Brits vastly overestimate both the cost and time to install green upgrades in their homes, according to a new study from Barclays and Ipsos.
The research found there was a huge discrepancy between the costs of energy efficiency measures and what homeowners expected to pay for them – with respondents expecting loft and pitch resolution to be more than two and half times more expensive than homeowners actually paid on average (£3,371 vs £1,213).
The cost of A-rated double and triple-glazed windows was also significantly overestimated, with respondents predicting it could cost a third (33 per cent) more than homeowners paid on average (estimated cost £8,166 vs actual £6,125).
The data also revealed that homeowners think the installation of some modifications will take much longer than the time works actually take to complete, which could be particularly off-putting to hybrid and homeworkers who hope to minimise disruption.
The most significant misconception was the length of time required to install solar panels, which were overestimated by 45 per cent.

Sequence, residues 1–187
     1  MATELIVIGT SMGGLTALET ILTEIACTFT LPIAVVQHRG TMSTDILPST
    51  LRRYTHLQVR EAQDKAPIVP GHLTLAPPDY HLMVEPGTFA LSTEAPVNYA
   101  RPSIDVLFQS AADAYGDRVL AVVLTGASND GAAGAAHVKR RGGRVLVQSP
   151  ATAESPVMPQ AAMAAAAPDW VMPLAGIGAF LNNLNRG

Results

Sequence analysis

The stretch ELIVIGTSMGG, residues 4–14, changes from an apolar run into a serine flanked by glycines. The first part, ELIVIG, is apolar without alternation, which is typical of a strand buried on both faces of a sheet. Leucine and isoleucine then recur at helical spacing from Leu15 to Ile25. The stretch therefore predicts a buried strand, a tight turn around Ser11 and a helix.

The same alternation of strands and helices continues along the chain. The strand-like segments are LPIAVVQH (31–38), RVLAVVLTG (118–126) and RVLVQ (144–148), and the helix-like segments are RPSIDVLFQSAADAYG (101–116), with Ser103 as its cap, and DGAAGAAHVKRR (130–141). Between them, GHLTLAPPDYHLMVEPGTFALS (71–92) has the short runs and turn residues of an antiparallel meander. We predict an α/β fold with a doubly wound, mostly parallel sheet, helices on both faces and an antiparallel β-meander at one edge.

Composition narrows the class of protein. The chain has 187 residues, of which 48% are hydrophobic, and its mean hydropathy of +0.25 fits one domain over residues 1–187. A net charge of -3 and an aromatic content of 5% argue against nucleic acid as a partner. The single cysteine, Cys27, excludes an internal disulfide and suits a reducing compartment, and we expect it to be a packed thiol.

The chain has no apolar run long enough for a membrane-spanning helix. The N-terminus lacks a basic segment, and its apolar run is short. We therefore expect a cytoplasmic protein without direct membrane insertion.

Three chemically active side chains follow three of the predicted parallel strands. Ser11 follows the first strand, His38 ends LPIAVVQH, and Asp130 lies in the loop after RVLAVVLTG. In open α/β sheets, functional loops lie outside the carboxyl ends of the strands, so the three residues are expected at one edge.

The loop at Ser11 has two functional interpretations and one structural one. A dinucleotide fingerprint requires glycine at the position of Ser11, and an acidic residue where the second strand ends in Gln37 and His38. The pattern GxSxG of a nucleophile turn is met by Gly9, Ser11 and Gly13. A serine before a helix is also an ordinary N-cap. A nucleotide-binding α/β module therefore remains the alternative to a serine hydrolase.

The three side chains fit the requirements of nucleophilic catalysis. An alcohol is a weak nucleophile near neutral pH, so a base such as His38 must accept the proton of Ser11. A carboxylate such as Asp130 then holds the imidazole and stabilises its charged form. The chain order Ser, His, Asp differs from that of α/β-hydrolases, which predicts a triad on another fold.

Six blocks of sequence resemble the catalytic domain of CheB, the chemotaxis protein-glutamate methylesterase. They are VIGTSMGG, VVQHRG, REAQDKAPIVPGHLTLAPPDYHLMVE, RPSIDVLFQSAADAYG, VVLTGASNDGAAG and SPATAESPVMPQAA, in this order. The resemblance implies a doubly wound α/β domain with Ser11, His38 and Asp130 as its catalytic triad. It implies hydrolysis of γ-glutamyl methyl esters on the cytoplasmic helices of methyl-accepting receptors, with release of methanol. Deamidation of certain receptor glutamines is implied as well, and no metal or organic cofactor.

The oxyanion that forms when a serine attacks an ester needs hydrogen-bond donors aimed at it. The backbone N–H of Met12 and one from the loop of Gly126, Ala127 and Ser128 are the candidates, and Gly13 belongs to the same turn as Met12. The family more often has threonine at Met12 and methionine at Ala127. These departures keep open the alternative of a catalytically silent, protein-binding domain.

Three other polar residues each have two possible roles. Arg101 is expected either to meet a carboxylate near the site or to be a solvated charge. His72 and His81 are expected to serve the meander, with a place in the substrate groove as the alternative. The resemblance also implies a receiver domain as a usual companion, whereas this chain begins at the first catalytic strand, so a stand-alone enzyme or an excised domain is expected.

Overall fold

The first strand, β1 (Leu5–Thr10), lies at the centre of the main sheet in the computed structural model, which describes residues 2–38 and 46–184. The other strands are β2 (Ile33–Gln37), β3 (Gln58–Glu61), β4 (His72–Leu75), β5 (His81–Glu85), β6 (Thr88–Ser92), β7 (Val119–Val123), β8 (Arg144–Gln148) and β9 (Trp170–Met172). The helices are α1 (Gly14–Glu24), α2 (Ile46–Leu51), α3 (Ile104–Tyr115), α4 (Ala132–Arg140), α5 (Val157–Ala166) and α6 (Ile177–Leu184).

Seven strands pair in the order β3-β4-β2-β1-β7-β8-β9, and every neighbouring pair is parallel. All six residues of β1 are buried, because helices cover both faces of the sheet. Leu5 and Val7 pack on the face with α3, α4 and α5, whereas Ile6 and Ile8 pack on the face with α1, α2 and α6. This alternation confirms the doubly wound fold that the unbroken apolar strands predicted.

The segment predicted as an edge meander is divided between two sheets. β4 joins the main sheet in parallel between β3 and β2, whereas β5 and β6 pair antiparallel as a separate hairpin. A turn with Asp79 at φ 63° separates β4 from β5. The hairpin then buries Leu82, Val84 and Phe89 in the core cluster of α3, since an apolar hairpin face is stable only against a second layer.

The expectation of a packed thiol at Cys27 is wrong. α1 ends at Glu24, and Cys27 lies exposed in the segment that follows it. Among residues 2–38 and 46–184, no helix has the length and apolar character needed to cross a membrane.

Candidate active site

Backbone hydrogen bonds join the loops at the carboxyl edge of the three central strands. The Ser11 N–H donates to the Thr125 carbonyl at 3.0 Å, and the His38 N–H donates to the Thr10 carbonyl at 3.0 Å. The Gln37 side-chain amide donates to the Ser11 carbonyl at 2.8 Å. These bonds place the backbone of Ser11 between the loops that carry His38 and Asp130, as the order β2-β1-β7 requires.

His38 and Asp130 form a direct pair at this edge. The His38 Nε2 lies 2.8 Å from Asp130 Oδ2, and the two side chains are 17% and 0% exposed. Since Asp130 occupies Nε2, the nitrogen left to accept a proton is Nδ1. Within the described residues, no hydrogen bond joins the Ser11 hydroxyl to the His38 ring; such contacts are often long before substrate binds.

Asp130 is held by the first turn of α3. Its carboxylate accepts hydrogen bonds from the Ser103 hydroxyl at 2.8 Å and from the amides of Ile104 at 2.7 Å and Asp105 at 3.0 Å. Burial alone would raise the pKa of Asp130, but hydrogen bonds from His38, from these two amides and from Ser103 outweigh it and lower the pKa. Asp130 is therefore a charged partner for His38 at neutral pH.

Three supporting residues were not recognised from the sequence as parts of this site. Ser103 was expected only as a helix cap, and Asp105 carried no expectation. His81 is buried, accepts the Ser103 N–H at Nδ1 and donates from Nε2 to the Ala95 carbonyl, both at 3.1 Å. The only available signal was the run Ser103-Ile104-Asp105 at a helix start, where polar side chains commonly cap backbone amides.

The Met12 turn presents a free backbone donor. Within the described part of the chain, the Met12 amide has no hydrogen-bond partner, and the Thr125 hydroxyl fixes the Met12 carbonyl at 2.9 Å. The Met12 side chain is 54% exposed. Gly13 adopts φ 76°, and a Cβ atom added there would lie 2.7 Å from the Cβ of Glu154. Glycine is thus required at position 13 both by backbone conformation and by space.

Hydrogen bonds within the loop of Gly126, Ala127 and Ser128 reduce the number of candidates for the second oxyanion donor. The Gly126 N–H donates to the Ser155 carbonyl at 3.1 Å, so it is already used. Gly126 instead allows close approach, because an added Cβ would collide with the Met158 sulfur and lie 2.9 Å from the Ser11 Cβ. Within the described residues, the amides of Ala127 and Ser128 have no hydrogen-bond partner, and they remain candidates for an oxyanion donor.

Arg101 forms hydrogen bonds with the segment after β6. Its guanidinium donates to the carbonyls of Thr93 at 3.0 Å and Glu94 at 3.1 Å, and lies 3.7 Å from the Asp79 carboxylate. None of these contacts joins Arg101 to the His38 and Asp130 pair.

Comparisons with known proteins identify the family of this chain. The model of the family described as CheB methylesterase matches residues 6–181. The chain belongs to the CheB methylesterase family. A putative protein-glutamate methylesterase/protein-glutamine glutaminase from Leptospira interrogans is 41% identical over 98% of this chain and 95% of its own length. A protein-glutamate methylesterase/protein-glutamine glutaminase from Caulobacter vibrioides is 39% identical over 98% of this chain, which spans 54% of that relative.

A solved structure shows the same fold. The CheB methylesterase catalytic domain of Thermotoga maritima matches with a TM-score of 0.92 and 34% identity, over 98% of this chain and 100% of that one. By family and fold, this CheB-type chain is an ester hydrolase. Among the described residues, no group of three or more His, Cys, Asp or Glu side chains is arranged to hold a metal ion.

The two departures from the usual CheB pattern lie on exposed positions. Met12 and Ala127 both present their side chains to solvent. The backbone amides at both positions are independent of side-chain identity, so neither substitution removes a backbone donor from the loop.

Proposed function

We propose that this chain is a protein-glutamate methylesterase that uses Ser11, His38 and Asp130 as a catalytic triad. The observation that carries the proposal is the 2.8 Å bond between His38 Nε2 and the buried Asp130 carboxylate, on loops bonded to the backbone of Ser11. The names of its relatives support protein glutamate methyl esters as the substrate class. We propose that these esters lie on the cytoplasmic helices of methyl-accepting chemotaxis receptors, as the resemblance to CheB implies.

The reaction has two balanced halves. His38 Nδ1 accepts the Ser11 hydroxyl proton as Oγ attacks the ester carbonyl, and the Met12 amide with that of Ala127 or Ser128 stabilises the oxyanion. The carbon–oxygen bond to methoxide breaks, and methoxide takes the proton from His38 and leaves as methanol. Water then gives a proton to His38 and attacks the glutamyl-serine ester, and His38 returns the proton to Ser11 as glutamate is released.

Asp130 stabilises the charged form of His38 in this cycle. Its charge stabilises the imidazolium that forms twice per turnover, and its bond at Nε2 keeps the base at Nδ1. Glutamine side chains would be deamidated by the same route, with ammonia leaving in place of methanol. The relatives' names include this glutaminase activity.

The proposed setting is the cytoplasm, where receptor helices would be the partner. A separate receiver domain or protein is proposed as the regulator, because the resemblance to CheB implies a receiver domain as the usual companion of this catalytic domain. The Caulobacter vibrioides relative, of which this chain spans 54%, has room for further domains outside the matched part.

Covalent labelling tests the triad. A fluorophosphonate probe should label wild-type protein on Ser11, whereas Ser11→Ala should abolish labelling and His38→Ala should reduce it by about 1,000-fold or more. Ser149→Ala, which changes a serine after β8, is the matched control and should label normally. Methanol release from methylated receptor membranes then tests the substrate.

Homeowners also considered that A-rated double or triple-glazed windows took over 22 per cent longer to install than in reality.
This meant that, despite record energy bills last winter, more than half (55 per cent) of homeowners do not feel confident making their homes more energy efficient, while a third (33 per cent) has ruled out making energy efficiency-related modifications altogether.
Following the research, Barclays has the extended its ‘Greener Home Reward scheme’ – which offers residential mortgage customers up to £2,000 to make selected home energy efficiency-related improvements.
Matt Hammerstein, chief executive of Barclays UK said: “Our research identified myths and misconceptions about how long it takes to make energy efficient modifications and the costs involved, while our extension will also enable us to obtain greater insights to help us develop new products and services for our customers.
Last year, Jeremy Hunt pledged to spend a further £6bn from 2025 to insulate homes and upgrade boilers, as the government targets a massive 15 per cent cut in energy demand this decade.
The chancellor followed this up in March this year with plans for a further £1.8bn in funding to boost energy efficiency and cut emissions across homes and public buildings across England.
Installation rates across the UK have dropped sharply in the past decade from over 2m homes per year to just tens of thousands after former prime minister David Cameron slashed previous efficiency schemes in the mid-2010s – as revealed in the BEIS Select Committee report on energy pricing last year.
The government has been approached for comment.